In 1100 AD, a new secular movement began. This separation of Church from music was a straddling one, and soon this new "folk" music was looked down upon as pagan and borderline blasphemous.
On the dawn of the Renaissance in 1465, the printing press was first used to print music. By using a press, a composer could organize his pieces and profit from them with great ease. In 1490, Boethius's writings on opera were republished in Italian.
With the onset of the Renaissance, the rules of music were about to change drastically. This was the beginning of a new enlightened age that would showcase some of the greatest musical minds ever produced.
The history of music at this point is best told by the styles that emerged and the composers who lived after the Renaissance.
For its time, Baroque was crazy and uninhibited. The music of this period is emotional and filled with little frills and decorations that shocked and amazed its listeners. Baroque was often fast paced with great and quick use of scales and violent changes in volume and melody. Today you might not think of it as an exciting type of music, but if you compare it to the Classical style, you can tell immediately that Baroque did have more action in its pieces. Some say the greatest composer of all time wrote in this period: Johann Bach.
We wish we could have found this on our own, but a book we researched with (Classical Music for Everybody) had the perfect quote to explain what music of the Classical style was like, and we'd like to reprint that here:
“... there is music wherever there is harmony, order or proportion.”
—Sir Thomas Bown
Ancient Greek art and culture had always been loved and emulated by European artists. This is especially evident in the Classical style (hence the name). The mathematical approach to music of Pythagoras and Aristotle took precedence in this period. It was the aim of Classical composers to achieve "perfect" music. That is, music that was completely perfect from a technical standpoint. This restriction led to very conservative music; strong but not really emotional. This is how most of Classical style music went and how the composers composed it (with the notable exception of Beethoven). Don't get the wrong idea about this; the music Mozart gave us is beautiful and moving and he was a born and bred Classical composer. Conservative does not mean boring. There are many notable examples of the Classical style, including the musical stereotype that is Beethoven's 5th symphony.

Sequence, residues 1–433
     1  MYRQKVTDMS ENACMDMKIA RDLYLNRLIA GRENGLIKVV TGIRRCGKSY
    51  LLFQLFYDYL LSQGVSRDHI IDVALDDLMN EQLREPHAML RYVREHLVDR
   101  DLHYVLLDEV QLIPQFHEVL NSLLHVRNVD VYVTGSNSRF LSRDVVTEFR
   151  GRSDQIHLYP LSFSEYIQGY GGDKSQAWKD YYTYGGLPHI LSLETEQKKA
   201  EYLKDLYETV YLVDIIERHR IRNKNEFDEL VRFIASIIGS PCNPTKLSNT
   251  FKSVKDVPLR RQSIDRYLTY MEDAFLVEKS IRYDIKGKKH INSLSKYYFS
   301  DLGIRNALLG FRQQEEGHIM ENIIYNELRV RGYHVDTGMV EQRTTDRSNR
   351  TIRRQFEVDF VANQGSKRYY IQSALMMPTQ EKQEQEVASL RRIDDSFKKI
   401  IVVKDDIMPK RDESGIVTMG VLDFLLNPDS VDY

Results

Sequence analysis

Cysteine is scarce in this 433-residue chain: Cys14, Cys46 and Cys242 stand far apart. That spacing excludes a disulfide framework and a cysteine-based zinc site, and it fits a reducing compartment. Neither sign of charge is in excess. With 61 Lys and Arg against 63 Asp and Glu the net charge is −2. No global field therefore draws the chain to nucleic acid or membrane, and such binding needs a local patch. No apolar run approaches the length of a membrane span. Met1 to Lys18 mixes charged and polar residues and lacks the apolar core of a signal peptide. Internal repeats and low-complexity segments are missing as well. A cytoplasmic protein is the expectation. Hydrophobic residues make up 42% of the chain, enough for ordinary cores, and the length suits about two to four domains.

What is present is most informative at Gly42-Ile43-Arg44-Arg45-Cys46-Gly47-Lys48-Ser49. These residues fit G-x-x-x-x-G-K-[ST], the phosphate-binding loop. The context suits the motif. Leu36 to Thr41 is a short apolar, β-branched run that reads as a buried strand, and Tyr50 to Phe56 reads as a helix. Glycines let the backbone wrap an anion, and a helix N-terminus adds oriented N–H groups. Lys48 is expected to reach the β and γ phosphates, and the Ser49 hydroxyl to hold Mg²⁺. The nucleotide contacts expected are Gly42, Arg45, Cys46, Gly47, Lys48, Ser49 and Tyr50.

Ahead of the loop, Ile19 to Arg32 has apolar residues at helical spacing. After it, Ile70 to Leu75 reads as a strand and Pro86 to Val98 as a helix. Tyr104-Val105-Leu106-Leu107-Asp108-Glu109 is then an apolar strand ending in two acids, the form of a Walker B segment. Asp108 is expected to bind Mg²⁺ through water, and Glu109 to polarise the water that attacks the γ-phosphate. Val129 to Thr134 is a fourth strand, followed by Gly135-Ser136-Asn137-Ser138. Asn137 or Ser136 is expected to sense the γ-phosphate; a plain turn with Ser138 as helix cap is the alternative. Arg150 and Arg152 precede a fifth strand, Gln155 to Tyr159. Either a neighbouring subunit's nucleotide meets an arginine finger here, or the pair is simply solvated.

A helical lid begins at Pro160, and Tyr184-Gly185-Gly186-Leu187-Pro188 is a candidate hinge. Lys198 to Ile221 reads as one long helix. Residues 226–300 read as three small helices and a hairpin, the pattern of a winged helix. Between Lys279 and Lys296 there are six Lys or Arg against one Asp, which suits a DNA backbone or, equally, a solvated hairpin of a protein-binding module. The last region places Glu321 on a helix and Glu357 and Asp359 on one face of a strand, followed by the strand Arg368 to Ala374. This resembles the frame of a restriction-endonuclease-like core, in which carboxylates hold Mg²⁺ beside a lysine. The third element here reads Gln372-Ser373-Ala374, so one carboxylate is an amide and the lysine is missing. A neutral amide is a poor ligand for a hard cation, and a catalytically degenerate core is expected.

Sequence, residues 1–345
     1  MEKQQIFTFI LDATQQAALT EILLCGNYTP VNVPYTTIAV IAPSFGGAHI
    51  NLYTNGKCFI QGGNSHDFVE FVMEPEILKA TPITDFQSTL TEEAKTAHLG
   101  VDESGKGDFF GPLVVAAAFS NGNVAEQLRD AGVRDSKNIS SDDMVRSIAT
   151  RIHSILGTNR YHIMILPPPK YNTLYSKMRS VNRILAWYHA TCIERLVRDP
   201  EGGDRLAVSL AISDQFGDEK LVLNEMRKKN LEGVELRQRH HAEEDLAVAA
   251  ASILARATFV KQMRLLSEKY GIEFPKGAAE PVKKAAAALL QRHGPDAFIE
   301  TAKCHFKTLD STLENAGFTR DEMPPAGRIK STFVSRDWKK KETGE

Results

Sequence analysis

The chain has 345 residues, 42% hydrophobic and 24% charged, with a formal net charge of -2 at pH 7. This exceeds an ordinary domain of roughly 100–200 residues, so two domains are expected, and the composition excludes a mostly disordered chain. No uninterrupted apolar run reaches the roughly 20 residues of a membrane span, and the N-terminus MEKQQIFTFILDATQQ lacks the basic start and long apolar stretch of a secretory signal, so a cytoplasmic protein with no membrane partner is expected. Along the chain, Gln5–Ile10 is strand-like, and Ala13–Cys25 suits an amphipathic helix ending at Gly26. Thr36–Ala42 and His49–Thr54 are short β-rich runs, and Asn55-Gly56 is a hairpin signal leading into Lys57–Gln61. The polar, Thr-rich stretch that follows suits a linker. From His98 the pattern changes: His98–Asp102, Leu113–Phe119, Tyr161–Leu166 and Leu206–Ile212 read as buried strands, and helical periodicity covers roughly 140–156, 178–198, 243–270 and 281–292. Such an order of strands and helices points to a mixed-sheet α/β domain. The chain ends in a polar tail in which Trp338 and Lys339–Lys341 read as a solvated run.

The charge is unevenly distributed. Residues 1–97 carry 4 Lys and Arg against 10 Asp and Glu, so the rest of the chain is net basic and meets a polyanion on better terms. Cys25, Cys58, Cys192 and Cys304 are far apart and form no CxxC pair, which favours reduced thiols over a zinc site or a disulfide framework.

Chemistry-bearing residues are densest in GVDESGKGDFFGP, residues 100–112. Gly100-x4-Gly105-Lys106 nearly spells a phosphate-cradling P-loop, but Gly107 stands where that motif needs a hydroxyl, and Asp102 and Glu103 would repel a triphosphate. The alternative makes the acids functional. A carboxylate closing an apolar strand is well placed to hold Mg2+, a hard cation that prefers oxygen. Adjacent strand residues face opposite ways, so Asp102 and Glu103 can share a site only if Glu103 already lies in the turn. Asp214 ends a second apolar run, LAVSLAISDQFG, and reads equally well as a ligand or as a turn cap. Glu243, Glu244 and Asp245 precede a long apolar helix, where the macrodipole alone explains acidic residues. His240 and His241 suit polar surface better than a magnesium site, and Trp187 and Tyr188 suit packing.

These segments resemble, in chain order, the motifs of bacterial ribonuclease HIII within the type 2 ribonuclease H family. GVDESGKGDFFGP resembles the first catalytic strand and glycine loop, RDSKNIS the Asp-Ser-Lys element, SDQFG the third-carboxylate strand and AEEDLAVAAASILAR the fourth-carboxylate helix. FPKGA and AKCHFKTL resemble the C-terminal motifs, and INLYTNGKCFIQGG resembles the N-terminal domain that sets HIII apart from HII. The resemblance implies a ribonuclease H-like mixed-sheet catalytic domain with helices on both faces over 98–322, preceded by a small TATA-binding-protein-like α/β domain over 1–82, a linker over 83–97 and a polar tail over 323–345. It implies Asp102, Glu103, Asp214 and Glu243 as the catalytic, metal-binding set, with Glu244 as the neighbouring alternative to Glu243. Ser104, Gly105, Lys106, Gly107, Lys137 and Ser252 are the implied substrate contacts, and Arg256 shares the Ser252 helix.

This was a stark reversal of the Classical style of music; Romantic music was full of emotions and had no concern for Classical rules. It is said that Beethoven was almost singly responsible for the transition from Classical style to Romantic. Beethoven bridged the gap by infusing his later works with much emotion, yet keeping within the Classical bounds. Soon the emotion overran the Classical bounds and Romanticism was born. There are many great composers of this era, including Carl Maria von Weber, Fredric Chopin, Hector Berlioz, and Johannes Brahms. Romantic music created two smaller movements in music: music about legends and nationalistic music.
Music About Legends
Storytelling was and is the prime directive of many musicians. Music has always been a medium for portraying legends and myths. In Romantic music, this is no different. There have been many compositions telling the story of heroes (like King Arthur) and demons (especially Mephistopheles). This is just the logical outgrowth of the folk singers and wandering minstrels who had performed since the time of Beowulf. Wagner wrote many pieces on the basis of a story or myth. His famous "Ride of the Valkyries" is a great example.
Nationalism had been a growing craze after Napoleon's fall and Germany's unification and this nationalism which led to World War I, also led to some of the most inspiring music out there. Composers like Bedrich, Smetana and Jan Sibelius wrote beautiful music to praise their homelands. In fact, Jan Sibelius is considered a national hero for the Finnish people. But if there was to be an epitome of nationalistic music, it would be Peter Tchaikovsky, whose music about Russia defined a country's composing style for almost a century.